Also be careful not to “give into the pressure” to selectively re-hire laid-off employees, those problem workers you were able to let go of in the name of hard times. Those who are not re-hired when others are, or who are told to reapply for the same position, “will feel some sense of entitlement, and may sue, and may have a case” if they fall under a protected class, he said.

    “Avoid the shortcuts and the push for speed-hiring,” Effland said. “And make sure you fully document your hiring process. When you decide not to hire someone back, you better be able to justify it and explain it in a court of law.”

    Experimental HR

    Vineet Nayar, CEO of HCL Technologies, a global IT services company headquartered in Noida, India, urged the SHRM audience to treat HR “as an experimental journey,” and to consider follow his example of treating the employee first, the customer second.

    Management doesn’t create value, he said. It can only “induce, encourage [and] enable the creation of value by the employees.”

    HR leaders, he said, should consider the leadership of Ghandi, MLK and Nelson Mandela. What they did, he said, was create dissatisfaction with today and develop a romance among their followers with tomorrow.

    Autocracy doesn’t work, he said. Democratize the workplace. Managers need to be answerable to employees instead of just the other way around. And the result of treating employees first is that customers will be served better.

    To create an environment conducive to change, however, requires trust. In his company, Nayar facilitated that trust by providing an environment of 100 percent total transparency. His 360-degree assessment is posted on the company intranet. If an employee asks him a question — and 99 percent of the questions are negative, he said — his answers are sent to all employees.  (The questioners must also reveal who they are.)

    His $2.3 billion company continues to grow rapidly — without new services, new products, new locations. It’s due to placing trust in his employees.

    “Transfer the problem to them. They create magic in the interface of customers and employees,” he said.

    The Meaning Behind the Work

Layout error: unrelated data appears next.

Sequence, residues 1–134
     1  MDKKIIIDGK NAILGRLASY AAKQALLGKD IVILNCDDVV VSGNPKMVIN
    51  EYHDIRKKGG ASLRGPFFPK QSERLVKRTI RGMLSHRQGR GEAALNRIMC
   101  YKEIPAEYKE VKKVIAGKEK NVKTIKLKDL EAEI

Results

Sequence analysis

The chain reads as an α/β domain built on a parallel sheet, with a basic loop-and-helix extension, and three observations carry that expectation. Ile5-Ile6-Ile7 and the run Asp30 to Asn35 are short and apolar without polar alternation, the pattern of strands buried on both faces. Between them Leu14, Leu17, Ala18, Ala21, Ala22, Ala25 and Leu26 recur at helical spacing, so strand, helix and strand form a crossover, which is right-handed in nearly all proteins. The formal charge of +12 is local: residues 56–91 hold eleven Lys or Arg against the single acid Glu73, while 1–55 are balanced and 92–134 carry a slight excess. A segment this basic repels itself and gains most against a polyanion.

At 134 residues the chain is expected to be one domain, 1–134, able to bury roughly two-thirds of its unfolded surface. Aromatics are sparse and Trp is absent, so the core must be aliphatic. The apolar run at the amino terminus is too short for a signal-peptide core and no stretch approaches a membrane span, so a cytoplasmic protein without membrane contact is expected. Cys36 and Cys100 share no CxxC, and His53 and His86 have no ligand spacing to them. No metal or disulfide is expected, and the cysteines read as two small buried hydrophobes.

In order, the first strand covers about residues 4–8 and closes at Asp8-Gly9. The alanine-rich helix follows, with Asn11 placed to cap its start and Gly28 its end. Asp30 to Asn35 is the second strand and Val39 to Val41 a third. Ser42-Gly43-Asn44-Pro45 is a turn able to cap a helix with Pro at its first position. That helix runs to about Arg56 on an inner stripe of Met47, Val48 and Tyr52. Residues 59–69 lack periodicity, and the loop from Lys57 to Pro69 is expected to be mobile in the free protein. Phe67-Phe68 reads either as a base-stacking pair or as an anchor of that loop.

Dave and Wendy Ulrich made a nice coupling on stage Monday at their session, “The Why of Work: How Great Leaders Build Abundant Organizations that Deliver Value to Employees, Customers, Investors and Communities.”

    No surprise the joint session at SHRM worked, considering the Ulrichs have been married for many years and share three children and a granddaughter. But it was their joint message and the subject of their new book, The Why of Work, that carried an especially cohesive and cogent argument — that organizations would do well to start looking at themselves as places where people find meaning and purpose. More importantly, that organizations should be looking for ways to cultivate that new realization and approach.

    “We’re taking a different cut from human resources,” said Dave Ulrich, professor at the University of Michigan’s Ross School of Business and a prolific and well-published HR expert. Wendy is a professional psychologist and founder of Sixteen Stones Center for Growth in Alpine, Utah. “We’re basically combining HR and psychology,” he said.

    They’re also taking their show on the road, if you will, to refute the notion that fostering the relationship between worker and work, and helping employees find meaning and purpose in their jobs is some warm and fuzzy, soft and cuddly notion. “I hear this criticism in some circles,” said Dave Ulrich. “I tell them they’re just wrong. Still, I can’t convince everyone.”